Reform is ever-renewed ablatio—removal, whose purpose is to allow the nobilis forma, the countenance of the bride, and with it the Bridegroom himself, the living Lord, to appear… this path alone allows the divine to penetrate and brings about congregatio, which as both gathering and purification is that pure communion we all long for, where ‘I’ is no longer pitted against ‘I’ and self against self. Rather, the self-giving and self-abandonment that characterize love becomes the reciprocal reception of all that is pure and good. Thus, the word of the kindly father who reminds the jealous older son what the content of all freedom and the realization of utopia consist of becomes true for every man: ‘all that is mine is yours’ (Lk ).’
Called to Communion, 142-3
Reflection – Well, this is a mouthful! The Holy Father is talking in this book about the reform of the Church, the whole project that has taken up so much of the energies of Catholics, especially clergy and religious, in the past 50 years or so.His reference to ablatio is a bit obscure (the surrounding context of the quote explains it). He is using here the image of the sculptor who ‘sees’ the statue in the block of marble and merely chips away everything that is not part of it.
This is crucial, though, both in the reform of the Church and in our own personal Reformations, big and small. The point is that the Church already exists, not as our creation or as any kind of product of human ingenuity, but as a creature of God, indeed the most noble creature there is, for it shares in a wholly supernatural way in the life of Christ who is God.
So our efforts to ‘reform’ the Church, which are perfectly legitimate and necessary (ecclesia semper reformanda-the Church always in need of reform) have to proceed from that understanding. What has God made? Who is this Bride, this Body? What has been established from the beginning, what have we understood over the millennia as being proper to the life of the Church? Only from that can we ‘chip away’ at things that should not or do not need to be there.
So the reformer who talks about eliminating Confession or changing the nature of the priesthood by allowing women’s ordination or jettisoning the indissolubility of marriage or… well, we all know the drill. Throw everything out that offends modern sensibilities. But this proceeds from the idea that we are the ones determining what the Church is. There is no ‘Church’ that is given from the hands of God – only our making and fashioning.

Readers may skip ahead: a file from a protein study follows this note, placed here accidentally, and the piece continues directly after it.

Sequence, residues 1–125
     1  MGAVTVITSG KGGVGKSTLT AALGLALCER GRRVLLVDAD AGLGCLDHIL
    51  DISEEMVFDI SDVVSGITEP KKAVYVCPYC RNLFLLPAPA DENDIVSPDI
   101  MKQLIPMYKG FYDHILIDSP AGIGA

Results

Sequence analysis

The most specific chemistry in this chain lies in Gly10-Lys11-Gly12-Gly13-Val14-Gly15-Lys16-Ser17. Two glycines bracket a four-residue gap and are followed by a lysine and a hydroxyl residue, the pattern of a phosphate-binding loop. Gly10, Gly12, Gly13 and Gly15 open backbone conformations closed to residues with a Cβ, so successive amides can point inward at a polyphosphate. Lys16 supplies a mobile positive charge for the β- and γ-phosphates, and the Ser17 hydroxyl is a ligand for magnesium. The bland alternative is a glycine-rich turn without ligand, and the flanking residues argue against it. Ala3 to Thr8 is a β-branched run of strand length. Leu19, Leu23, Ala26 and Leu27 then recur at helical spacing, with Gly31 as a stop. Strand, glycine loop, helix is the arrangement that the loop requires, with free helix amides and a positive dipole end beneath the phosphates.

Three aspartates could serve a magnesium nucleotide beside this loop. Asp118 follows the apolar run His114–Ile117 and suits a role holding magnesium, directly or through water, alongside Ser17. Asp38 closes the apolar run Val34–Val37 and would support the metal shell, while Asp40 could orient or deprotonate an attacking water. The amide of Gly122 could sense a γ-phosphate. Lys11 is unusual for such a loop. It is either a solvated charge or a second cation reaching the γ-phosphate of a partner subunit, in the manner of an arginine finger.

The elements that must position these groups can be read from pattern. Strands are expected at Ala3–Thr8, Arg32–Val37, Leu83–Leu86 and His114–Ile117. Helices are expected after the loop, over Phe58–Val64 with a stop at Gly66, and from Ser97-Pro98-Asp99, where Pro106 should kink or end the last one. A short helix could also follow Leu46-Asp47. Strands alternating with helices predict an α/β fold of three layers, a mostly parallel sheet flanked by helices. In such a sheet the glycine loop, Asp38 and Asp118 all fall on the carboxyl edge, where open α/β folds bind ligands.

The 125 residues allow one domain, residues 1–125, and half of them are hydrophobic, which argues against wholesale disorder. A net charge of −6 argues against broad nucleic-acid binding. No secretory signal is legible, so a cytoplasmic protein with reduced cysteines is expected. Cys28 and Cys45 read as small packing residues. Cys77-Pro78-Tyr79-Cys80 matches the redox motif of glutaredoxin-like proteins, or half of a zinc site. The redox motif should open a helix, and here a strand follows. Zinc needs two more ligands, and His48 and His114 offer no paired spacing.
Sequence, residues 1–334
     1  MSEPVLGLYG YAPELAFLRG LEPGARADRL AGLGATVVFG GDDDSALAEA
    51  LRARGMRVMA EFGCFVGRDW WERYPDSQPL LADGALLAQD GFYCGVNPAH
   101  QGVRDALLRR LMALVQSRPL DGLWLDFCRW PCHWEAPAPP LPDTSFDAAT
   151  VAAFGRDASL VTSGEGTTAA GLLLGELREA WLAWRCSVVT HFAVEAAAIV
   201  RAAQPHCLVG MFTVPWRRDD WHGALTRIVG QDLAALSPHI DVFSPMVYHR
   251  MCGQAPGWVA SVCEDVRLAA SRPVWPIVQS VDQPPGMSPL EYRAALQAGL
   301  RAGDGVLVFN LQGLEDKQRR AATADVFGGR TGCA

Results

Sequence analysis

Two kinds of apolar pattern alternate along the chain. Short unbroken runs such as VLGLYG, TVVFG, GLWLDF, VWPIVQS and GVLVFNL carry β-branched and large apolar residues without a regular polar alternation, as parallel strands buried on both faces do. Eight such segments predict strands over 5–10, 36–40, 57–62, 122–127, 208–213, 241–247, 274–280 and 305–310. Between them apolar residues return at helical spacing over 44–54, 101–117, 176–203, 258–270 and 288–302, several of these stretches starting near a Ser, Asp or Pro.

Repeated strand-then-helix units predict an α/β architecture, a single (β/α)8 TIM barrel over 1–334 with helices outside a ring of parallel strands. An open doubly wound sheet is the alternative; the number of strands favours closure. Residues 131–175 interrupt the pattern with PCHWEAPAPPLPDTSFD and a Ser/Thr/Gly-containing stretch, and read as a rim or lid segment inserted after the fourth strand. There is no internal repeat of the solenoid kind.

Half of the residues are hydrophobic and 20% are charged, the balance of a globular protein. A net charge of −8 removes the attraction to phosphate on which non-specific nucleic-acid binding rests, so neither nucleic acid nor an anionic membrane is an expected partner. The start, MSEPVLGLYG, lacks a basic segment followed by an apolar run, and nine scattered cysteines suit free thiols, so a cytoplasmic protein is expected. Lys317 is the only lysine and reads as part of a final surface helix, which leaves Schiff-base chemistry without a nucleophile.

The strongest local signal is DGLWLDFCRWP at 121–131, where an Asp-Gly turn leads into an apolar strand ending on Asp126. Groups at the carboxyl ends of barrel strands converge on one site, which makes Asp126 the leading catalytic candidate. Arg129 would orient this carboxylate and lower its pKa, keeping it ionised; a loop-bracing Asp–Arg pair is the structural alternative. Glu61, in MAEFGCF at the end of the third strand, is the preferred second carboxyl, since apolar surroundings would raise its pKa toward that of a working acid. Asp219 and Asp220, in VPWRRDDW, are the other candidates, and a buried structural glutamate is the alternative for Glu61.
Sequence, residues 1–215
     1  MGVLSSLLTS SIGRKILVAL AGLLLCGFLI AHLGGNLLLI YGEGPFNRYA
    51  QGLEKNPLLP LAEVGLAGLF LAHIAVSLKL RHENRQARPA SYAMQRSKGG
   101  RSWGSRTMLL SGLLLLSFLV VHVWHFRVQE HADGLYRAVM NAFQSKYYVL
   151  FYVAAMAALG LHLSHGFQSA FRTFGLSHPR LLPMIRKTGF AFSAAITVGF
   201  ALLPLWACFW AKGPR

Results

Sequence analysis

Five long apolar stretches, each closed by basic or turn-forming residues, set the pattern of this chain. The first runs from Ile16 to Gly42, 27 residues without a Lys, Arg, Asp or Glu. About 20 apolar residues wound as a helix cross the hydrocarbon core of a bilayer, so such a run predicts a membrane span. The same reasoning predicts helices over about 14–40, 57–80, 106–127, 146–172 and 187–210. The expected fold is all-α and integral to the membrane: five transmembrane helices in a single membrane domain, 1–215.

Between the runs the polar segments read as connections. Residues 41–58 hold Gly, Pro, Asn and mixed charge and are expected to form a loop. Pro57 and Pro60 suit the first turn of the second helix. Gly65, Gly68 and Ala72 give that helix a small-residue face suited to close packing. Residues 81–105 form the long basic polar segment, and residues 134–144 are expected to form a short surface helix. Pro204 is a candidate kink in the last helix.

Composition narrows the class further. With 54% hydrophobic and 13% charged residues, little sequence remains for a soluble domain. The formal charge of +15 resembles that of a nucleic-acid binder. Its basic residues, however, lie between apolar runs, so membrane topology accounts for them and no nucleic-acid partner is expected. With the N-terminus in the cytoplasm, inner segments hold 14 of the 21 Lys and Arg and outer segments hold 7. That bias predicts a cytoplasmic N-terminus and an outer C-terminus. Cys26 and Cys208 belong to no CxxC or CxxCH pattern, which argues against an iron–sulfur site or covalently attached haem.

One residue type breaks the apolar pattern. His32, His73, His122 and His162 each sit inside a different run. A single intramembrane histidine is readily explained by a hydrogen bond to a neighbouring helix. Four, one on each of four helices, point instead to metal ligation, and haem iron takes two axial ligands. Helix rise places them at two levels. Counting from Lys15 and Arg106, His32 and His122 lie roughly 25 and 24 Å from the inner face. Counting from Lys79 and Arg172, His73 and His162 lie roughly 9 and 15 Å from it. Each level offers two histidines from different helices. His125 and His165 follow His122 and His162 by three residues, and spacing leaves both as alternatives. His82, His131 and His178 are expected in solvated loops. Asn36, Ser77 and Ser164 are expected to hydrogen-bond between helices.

There is a deep principle at stake here, even deeper in some ways than the specific controversies which get most of the media play, important as they are. Is God the author of reality? What is human creativity? Who am I? Who are you? Do we create ourselves? Or are we co-creators with God? What is my path of self-reformation? Making myself up out of thin air, or beholding within myself the image of God already there, and ‘chipping away’ at what doesn’t belong to that? Very deep questions.
And it is fascinating (this quotation from Ratzinger is rich, rich, rich!) that he links it to communion. Of course he’s talking about the Church, and that is the whole substance of the Church’s life, but again the deep point he makes is that communion between people comes from living in truth. When the truth of my being and your being emerges from all the falsehood we have to ‘chip away,’ then we can live both in that open receptivity towards God (the image of the Bride), ‘all that I have is yours,’ and from that a happy receptivity towards one another.
I could go on and on about this, but this post is long enough. It’s worth meditating on, though. What is my ablatio today? What chips of marble are keeping me from you, from God, from happy communion? And what tool will remove those chips? (Hint, it starts with ‘Cr’ and rhymes with ‘boss’!)